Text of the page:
Racy humour in both Poulenc and Apollinaire is always capable of suddenly yielding to the deepest emotion. The word ‘bleu’ is slang for a young soldier, and the title of the song Bleuet
(which literally means ‘cornflower’) is a tender diminutive. The boy soldier is about to die; five o’clock is the time to leave the trenches and face the enemy fire. But there is no exaggerated heroism or patriotism in this song. Poulenc wrote: ‘Humility, whether it concerns prayer or the sacrifice of a life is what touches me most … the soul flies away after a long, last look at “la douceur d’autrefois”.’ It is Poulenc’s only mélodie for tenor, and the voice needs to be that of a Cuenod rather than a Gigli; in describing the young man of twenty, the sad waste of his life, and that long last look, the narrator’s voice should have a special and ethereal timbre. Apollinaire wrote the poem in 1917, a year or so before he himself died as a long-term result of his war wounds.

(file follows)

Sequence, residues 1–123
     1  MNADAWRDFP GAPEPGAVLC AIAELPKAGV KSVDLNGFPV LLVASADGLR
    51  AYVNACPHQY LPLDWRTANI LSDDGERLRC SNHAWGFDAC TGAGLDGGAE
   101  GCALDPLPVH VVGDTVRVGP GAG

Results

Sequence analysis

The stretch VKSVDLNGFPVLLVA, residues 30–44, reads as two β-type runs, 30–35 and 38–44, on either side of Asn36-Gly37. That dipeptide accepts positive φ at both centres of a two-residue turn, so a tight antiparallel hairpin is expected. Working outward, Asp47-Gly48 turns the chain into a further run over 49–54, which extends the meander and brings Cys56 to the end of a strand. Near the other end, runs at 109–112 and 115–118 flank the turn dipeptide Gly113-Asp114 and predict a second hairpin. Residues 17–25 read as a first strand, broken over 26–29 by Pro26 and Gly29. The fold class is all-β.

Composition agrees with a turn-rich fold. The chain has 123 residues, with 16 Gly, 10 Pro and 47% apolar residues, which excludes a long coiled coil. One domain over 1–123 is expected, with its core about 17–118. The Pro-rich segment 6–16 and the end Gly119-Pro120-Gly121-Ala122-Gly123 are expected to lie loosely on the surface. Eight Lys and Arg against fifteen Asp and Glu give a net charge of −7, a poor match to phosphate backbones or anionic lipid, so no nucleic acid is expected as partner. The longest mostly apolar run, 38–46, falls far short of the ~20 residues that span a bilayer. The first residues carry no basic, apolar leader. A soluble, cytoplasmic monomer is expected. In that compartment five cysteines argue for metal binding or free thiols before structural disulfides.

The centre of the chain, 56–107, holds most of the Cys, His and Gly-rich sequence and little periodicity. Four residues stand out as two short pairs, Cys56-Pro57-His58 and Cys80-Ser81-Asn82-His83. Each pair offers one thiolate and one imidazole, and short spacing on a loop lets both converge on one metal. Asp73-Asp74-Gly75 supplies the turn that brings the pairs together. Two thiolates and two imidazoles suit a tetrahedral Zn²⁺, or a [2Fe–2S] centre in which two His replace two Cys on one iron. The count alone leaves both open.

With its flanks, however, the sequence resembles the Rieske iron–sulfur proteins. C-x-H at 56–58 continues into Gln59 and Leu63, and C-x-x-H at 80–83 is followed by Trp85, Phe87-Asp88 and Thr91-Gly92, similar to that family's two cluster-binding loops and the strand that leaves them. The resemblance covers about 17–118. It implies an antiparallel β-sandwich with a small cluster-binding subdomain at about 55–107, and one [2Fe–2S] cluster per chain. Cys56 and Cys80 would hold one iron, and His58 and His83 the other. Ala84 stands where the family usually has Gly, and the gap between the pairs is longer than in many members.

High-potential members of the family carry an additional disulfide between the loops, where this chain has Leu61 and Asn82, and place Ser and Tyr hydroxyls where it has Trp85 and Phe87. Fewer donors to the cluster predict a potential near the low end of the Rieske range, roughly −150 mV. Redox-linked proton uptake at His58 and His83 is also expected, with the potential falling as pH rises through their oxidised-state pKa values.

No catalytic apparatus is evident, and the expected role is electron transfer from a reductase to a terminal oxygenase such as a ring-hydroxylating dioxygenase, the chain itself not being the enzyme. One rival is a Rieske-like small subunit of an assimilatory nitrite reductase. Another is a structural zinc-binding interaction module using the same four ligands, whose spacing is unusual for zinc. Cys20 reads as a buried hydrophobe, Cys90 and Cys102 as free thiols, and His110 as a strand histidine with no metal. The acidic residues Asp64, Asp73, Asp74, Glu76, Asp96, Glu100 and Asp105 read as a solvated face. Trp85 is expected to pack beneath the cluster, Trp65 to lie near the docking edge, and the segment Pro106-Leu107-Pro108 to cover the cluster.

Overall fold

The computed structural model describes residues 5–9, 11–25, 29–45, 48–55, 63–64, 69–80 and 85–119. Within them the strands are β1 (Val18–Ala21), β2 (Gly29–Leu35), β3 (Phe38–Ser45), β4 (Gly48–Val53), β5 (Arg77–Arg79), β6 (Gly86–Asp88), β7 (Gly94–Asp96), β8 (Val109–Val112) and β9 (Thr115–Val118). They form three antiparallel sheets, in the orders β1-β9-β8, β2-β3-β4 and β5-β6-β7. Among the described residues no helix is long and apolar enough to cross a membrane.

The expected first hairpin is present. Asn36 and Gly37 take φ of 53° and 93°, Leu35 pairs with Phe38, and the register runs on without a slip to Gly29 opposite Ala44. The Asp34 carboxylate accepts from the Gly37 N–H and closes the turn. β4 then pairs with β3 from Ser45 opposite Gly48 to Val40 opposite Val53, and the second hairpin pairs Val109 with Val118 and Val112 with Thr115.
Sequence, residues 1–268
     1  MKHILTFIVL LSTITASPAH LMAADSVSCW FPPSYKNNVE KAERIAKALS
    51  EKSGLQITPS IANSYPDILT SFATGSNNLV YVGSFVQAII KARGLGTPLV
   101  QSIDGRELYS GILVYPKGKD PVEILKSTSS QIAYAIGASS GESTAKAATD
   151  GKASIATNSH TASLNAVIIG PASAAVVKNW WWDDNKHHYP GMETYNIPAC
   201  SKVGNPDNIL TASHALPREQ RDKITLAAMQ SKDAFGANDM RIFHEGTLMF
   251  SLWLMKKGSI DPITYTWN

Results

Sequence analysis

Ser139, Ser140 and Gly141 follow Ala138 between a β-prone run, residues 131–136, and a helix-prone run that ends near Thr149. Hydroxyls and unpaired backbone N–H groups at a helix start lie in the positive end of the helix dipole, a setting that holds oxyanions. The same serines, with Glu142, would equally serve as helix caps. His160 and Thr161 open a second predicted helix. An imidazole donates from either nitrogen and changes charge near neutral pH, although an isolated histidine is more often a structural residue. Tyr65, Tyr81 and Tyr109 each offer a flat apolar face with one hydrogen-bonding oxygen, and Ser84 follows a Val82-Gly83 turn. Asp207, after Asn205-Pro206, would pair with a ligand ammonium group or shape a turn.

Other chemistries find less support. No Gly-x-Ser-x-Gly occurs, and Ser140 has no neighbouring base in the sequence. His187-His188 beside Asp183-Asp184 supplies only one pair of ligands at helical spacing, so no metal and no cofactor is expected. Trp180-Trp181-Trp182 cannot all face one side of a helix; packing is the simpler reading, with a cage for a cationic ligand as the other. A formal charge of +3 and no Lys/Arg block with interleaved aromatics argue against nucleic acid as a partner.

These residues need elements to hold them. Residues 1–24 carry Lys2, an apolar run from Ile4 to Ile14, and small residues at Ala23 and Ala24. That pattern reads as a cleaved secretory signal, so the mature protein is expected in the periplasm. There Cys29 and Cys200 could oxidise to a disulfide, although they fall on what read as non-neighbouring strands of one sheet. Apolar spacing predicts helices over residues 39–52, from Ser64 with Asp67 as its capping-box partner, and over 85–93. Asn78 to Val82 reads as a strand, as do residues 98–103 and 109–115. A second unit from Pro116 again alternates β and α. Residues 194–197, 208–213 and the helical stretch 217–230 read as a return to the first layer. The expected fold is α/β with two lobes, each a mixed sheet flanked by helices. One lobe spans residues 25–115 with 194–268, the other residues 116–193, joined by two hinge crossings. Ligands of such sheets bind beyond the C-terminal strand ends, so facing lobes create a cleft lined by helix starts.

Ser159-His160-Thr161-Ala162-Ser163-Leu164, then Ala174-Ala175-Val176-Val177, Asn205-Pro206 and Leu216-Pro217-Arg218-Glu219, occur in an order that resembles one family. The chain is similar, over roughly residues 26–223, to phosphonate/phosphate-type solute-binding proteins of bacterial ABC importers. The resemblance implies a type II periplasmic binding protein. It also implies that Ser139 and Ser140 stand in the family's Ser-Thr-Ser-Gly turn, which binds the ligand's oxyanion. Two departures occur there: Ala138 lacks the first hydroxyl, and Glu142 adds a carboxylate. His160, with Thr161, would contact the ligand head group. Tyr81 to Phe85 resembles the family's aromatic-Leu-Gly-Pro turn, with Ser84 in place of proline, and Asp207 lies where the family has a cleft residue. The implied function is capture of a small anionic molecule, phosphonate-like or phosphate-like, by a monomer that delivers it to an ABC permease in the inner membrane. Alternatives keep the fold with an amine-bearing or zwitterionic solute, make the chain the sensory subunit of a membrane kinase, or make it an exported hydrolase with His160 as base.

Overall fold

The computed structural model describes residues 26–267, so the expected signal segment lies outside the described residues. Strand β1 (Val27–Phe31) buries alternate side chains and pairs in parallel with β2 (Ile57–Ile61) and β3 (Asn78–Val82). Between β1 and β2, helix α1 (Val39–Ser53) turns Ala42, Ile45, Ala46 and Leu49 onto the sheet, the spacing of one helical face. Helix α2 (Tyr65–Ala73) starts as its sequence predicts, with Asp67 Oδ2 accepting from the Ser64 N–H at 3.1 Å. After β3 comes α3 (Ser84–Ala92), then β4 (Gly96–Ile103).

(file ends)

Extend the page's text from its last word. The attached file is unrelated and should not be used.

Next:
from notes by Graham Johnson © 1985